Pioneers of Television: Standup to Sitcom

For an assignment we were asked to watch and write a blog post about the PBS series Pioneers of Television. The series explores different topics that span the history of television. I did not take me much time to choose the episode titled Standup to Sitcom being that I am a huge fan of comedy. So I sat back on my couch, drank two and a half beers and watched the show. The episode explains the art form of stand up comedy through the careers of comedic giants Jerry Seinfeld, Roseanne Barr, Tim Allen, Ray Romano and Bob Newhart.

The first comedian they explore is Jerry Seinfeld. Footage is shown of the first time Seinfeld performed stand up and his rise to fame following his first performance on Johnny Carson. After Jerry Seinfeld conquered the stand up he then went on to develop and star in what I think is undoubtedly the greatest sitcom of all time. I know Seinfeld is an incredible show because my Dad quotes from it and references it constantly and I still love it. Seinfeld details how NBC came to him and asked what idea he had a for a show. And he replied “I thought you had an idea.” Luckily, Jerry’s good friend Larry David had an idea, which went on to be one of the funniest television shows of all time.

“The whole show came from the way Larry and I relate. And that what was why I had asked him to work with me on it. . And he had a lot more ideas than I had, so he really  helped structure the whole thing.” Jerry Seinfeld on Larry David.

Seinfeld than reminisces about classic moments from the show like the famous Marine Biologist episode and the bit about George doing everything against his instinct. After the success of the show, Seinfeld returned to his place at the top of the standup game. The narrator swiftly transitions from comedian to comedian, detailing the rise to fame and the defining moments of their career. Roseanne Barr quickly went from being a waitress and a mom to moving to Hollywood and starring on a sitcom that was really able to push a progressive message onto the American public. Tim Allen made his career on joking about the blue collar dad. And Ray Romano makes me uncomfortable and I still don’t get what all the fuss is about. It seems like twenty years ago all it took was one good set on the Late Night comedy circuit and then you immediately got a show. What all the figures represent is the classic definition of a good comic. They gave their entire life to their craft. As the narrator puts it “comedy is not a job it is a life.” “You don’t really think about ‘why do i do this?’ it’s just the thing you do” Seinfeld explains.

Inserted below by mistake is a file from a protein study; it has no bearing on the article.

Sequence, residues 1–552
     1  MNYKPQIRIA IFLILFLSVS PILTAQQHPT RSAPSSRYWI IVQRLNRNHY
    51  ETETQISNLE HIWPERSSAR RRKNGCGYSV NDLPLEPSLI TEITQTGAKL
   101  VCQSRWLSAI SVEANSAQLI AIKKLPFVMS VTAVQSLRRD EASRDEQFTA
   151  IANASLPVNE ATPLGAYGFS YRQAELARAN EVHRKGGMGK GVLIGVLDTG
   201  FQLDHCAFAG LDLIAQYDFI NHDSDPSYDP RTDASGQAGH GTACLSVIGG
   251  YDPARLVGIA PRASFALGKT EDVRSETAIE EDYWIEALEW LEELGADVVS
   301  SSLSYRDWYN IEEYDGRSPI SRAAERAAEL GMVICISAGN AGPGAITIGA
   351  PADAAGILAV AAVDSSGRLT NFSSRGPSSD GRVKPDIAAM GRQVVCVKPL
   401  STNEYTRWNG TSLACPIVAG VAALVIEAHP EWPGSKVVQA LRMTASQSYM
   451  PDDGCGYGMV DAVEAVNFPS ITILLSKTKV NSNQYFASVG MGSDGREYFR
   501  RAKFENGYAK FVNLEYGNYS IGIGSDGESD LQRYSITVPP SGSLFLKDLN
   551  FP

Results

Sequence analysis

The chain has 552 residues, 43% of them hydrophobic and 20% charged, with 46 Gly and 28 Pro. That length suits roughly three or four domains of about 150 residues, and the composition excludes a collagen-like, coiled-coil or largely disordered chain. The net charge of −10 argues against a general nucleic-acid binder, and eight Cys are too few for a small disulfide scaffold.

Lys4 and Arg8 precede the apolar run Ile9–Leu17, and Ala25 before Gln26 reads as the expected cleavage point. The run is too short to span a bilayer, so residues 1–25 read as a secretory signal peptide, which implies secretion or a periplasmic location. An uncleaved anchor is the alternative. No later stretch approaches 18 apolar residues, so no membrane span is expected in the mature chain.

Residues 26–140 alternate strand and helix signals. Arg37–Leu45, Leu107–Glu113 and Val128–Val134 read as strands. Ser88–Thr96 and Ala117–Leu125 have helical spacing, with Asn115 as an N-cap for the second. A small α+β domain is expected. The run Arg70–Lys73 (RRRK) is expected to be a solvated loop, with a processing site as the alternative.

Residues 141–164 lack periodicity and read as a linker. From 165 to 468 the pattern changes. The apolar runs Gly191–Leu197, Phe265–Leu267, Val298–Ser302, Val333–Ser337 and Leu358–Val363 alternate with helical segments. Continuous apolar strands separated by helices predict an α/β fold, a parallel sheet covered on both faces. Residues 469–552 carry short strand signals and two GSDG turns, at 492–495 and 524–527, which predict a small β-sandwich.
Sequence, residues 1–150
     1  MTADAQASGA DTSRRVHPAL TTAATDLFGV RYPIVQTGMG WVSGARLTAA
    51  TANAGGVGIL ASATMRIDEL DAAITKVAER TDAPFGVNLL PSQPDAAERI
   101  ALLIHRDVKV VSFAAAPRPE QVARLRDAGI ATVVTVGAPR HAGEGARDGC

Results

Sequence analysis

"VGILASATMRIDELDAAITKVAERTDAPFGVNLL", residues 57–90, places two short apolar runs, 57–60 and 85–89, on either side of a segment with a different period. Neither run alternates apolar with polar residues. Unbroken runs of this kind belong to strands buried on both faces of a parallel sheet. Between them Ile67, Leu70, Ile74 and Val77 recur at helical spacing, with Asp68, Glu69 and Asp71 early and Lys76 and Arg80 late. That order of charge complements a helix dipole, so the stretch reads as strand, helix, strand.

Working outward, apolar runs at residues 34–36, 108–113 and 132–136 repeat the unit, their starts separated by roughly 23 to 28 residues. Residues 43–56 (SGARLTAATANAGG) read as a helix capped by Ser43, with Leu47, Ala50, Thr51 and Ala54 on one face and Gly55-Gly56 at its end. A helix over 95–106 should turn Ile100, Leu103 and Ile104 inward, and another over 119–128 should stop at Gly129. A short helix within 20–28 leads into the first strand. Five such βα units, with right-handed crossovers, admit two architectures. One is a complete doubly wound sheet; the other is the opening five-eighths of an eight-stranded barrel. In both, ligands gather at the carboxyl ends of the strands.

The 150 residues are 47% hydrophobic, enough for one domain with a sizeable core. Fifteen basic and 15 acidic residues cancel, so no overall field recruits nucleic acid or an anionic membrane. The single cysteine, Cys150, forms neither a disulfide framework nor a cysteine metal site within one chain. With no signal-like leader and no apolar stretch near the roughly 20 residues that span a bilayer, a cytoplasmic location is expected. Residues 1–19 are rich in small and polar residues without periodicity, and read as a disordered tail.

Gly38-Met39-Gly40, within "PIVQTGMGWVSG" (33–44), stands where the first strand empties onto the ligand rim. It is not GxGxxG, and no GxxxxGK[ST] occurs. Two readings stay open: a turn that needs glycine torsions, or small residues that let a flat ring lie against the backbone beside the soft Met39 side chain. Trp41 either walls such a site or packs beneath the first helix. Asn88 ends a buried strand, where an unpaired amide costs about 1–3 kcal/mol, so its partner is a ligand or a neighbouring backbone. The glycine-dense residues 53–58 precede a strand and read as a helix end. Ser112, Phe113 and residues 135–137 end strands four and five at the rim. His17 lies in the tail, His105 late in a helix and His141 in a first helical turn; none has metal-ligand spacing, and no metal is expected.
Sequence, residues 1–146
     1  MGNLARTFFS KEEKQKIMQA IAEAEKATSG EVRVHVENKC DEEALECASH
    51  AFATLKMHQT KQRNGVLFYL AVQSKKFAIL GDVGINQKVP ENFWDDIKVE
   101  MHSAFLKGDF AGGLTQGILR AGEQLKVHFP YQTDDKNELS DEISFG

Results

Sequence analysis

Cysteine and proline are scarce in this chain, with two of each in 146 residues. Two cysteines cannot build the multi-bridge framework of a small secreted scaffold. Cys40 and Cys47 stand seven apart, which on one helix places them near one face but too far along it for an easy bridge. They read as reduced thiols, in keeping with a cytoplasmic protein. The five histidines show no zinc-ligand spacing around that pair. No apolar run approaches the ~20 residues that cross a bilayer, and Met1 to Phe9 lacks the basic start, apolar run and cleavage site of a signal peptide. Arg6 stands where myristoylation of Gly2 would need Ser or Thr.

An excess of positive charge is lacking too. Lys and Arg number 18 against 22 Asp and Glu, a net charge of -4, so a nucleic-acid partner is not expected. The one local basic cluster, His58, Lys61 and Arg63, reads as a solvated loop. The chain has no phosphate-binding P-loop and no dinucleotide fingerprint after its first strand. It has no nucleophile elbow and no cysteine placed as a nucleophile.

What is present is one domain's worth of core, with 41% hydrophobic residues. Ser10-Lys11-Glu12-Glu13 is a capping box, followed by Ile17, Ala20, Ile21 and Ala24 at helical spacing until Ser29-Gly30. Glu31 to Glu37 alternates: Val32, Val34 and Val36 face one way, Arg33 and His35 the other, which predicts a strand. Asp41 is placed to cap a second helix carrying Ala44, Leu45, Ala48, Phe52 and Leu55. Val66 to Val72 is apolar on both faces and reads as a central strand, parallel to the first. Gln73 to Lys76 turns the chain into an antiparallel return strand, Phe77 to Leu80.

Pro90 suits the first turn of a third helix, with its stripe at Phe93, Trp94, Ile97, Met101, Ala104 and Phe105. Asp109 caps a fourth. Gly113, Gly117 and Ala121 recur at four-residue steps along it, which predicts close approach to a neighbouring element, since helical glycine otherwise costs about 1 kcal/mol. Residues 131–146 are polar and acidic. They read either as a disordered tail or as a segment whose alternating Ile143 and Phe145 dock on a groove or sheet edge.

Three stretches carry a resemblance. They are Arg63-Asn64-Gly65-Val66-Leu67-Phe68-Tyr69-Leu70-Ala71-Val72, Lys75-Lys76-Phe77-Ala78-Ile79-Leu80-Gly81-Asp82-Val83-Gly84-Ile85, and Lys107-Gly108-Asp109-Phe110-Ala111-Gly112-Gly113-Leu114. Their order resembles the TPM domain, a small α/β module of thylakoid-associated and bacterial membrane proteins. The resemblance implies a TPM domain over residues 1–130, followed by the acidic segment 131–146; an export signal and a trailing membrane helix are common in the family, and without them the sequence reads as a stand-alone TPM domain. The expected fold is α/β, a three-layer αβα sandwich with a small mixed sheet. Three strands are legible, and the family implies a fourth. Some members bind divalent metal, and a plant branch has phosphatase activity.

Comedy has always been something that has grabbed hold of my attention. I still remember the first night my brother showed me South Park when I was younger, and I ended up on the floor kicking my legs in laughter. It seems to exist in infinite forms and has the ability to take us away from all negativity in the world for a brief moment. Comedians to me are like the philosophers of our time. They expose the world and force us to think. Comedy is currently really helping me cope with the current state of the world. Like all art, when comedy is good slips it behind your ego. It bypasses any barriers you’re putting up and speaks directly to the psyche.

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